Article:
Wednesday, November 18, 2015

The Weather This Week - All Sorts of Crazy

The weather system currently crossing the country has produced an astounding amount of interesting and severe weather so far, from torrential rain to tornadoes and blizzard conditions.

The system came ashore along the west coast on Sunday and strengthened over the western U.S on Monday. The surface low began to become organized over the Rockies as the deep upper level trough developed a cutoff over the southwest U.S. Cold air on the west side of the system, warm, moist air streaming northward on the east side, and strong winds aloft combined to produce a volatile atmosphere.

500 millibar map (~20,000 ft) for November 16, 6:00 p.m.
Surface weather map for Tuesday, November 17, 2015 at 6:00 a.m. CST
Early in the day the Storm Prediction Center identified an area from northern Texas into Nebraska as in a Slight Risk for severe weather, with a smaller Enhanced Risk over northwest Texas and western Oklahoma.
Convective Outlook for Tuesday, November 17 issued at 8:00 a.m.CST

Meanwhile, a Blizzard Watch was upgraded to a Blizzard Warning over eastern Colorado, including the Denver area. Later in the day Tornado Watches were issued covering areas from the Texas Panhandle into Nebraska. In Colorado areas in the Blizzard Warning were only 90 miles or so from other parts of Colorado in a Tornado Watch.

24-hour snowfall ending the morning of November 17. The orange-red area in southwest Colorado is 15-18 inches

Supercell thunderstorms did eventually develop during the late afternoon and evening from northwest of Amarillo, TX to west of Dodge City, Ks, and further north into Nebraska. A number of large tornadoes were spawned by these storms. One tornado near Pampa, TX produced EF-3 damage. Surveys are being conducted on other tornadoes that touched down. In western Kansas nine tornadoes touched down, including one which was on the ground for 78 minutes and 51 miles and produced EF-3 damage near Kismet.

Storm reports from 6:00 a.m. 11/16/2015 to 6:00 a.m. 11/17/2015

The tornado outbreak that occurred Monday night from western Texas into far southern Nebraska was very rare for the west-central Plains in November. This may have been the greatest number of tornadoes on a given November day so far west in the Plains dating back to 1900.

Cold, wind, and snow came in on the heels of the severe weather. Twelve to 18 inches of snow fell in northwestern Kansas, with lesser amounts in western Nebraska. Howling winds spinning around the intensifying low pressure system whipped up the snow creating blizzard conditions from the eastern plains of Colorado into western Kansas. A large portion of Interstate 70 in eastern Colorado and western Kansas was closed due to the dangerous conditions on Tuesday.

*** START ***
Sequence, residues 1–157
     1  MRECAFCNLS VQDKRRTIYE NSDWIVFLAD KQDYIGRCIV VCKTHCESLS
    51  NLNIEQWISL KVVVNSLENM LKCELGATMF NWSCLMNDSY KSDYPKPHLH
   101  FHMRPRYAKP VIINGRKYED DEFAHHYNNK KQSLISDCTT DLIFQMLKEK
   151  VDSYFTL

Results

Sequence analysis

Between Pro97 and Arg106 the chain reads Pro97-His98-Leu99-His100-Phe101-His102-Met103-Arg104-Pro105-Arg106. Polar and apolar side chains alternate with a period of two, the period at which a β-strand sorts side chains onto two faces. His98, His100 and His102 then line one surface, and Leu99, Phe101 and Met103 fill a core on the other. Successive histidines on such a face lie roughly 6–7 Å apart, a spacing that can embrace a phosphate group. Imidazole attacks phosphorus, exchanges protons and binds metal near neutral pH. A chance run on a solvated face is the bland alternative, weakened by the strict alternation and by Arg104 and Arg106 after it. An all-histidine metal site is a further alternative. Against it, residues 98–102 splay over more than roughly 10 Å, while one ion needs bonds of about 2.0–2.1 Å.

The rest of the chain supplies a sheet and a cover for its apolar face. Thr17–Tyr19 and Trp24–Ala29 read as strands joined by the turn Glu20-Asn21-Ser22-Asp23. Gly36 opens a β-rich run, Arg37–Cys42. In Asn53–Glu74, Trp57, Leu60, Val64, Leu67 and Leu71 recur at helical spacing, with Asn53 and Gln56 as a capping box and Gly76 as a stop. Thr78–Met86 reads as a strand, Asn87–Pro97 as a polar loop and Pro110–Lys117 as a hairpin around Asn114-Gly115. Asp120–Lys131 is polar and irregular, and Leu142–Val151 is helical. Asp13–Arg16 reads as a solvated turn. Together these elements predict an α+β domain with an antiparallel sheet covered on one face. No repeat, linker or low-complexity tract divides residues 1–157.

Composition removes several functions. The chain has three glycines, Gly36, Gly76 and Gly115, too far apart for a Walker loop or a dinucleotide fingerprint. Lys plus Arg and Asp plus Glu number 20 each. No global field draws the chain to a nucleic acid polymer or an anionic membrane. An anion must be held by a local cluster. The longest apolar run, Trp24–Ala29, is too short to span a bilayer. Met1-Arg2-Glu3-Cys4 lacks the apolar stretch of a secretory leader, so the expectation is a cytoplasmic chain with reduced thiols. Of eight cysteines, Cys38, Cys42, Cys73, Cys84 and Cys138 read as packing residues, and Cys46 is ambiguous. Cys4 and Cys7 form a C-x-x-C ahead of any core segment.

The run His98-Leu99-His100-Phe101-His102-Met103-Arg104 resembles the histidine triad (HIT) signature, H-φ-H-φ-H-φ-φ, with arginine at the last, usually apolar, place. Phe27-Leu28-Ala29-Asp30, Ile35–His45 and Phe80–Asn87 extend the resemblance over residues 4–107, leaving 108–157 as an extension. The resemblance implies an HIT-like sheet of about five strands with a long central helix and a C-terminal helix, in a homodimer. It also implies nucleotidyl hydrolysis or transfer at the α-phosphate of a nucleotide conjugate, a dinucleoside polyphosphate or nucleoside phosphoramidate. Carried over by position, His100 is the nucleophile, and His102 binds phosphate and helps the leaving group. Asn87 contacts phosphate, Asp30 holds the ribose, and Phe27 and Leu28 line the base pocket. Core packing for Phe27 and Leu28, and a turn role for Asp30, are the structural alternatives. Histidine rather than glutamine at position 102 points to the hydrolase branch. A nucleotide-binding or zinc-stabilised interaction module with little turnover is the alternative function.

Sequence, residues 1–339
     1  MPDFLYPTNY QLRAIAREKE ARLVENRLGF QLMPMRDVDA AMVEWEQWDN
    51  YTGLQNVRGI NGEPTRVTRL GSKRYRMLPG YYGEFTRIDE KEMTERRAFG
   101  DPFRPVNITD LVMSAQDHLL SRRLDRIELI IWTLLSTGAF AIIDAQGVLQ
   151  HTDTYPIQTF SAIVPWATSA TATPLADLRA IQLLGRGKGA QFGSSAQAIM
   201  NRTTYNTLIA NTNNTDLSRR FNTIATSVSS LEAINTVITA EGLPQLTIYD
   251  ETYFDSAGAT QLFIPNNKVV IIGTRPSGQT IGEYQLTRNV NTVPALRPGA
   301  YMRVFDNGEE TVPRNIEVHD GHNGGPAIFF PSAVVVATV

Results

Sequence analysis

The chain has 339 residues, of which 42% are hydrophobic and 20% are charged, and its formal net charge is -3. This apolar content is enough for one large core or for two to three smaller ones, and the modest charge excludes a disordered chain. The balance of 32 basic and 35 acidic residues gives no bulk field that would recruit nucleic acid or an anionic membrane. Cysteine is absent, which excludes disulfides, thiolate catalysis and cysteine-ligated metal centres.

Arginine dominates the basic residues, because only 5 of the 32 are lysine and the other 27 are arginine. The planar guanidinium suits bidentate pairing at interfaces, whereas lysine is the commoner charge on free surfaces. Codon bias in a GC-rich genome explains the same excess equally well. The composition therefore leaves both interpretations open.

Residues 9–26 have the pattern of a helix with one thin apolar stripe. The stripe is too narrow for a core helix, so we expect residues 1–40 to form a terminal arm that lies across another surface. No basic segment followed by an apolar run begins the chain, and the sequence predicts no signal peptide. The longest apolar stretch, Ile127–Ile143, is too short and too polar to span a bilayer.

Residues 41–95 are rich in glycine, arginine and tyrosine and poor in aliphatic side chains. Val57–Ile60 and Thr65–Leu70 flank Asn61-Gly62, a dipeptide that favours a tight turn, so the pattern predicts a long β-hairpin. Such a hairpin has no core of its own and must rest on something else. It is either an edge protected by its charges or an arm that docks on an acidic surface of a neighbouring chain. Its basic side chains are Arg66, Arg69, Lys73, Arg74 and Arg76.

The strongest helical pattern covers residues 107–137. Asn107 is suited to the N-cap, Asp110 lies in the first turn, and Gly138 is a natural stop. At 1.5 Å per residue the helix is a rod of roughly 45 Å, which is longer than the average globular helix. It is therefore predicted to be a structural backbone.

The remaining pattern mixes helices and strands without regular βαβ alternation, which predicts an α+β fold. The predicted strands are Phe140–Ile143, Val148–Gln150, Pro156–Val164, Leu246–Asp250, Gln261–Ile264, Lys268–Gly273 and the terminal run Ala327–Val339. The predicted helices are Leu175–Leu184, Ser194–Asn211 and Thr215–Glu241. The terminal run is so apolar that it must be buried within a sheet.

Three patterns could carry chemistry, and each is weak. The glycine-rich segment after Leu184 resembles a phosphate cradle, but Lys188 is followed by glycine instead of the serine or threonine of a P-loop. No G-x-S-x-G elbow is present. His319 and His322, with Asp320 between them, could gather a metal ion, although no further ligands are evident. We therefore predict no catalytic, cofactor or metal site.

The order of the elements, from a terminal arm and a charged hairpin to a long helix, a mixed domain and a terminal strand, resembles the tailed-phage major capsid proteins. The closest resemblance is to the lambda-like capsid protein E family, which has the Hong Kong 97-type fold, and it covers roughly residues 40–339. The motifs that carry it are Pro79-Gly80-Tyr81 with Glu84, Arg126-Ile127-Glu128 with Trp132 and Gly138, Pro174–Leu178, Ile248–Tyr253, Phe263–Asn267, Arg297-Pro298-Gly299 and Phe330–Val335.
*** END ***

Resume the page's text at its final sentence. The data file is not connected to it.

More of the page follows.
48-hour snowfall accumulation ending the morning of November 18, 2015. 12 to 18 inches of snow were  reported by observers in western Kansas.

Today, winds were the big news from the the Rockies and northern and central Plains east through the Midwest. This occurred as the central U.S. low pressure system intensified as it merged with another low that moved in the the Pacific Northwest yesterday. This Pacific system produced damaging winds across Washington state. Today winds gusted in excess of 100 mph in a few locations in Colorado, 94 mph in Boulder and the National Center for Atmospheric Research, and 77 mph in Fort Collins where CoCoRaHS headquarters is located.

Surface map at 3:00 p.m. CST November 17. The Central Plains low is starting to intensify. The system that merged with it today can be seen over Washington and British Columbia.

 The amount of moisture being transported by the central U.S. storm system was phenomenal. There was a conveyor belt of atmospheric moisture from the Gulf of Mexico north to Hudson Bay in Canada.
Water vapor satellite image On Tuesday, November 17 at 11:15 a.m. CST. The pink and blue colors indicate moisture, while the orange and red colors depict dry air. The west side of the upper level trough is clearly seen along the Rockies, as is the center of the closed low over Texas and Oklahoma panhandles.

On Tuesday evening the NWS Quad Cities office (Iowa/Illinois) reported a record high amount of precipitable water for November, 1.50 inches, measured by the evening atmospheric sounding. This moisture, along with the strong lift generated by the intense low pressure system aloft resulted if copious amounts of precipitation from Texas to Illinois, and east through the Gulf States. Three to four inch amounts were common from southern Missouri south to Louisiana and east through Mississippi.

Today the severe weather focus was in the southeast U.S., and this afternoon tornadoes touched down in the Florida panhandle and near Atlanta, GA.

Surface map at 3:00 p.m. CST Wednesday, November 18.

On Thursday the low now over the Northern Plains will be near the southern end of Hudson Bay, while the front pushes slowly off the east coast, and most of the country should see some quiet weather for 24 hours or so.

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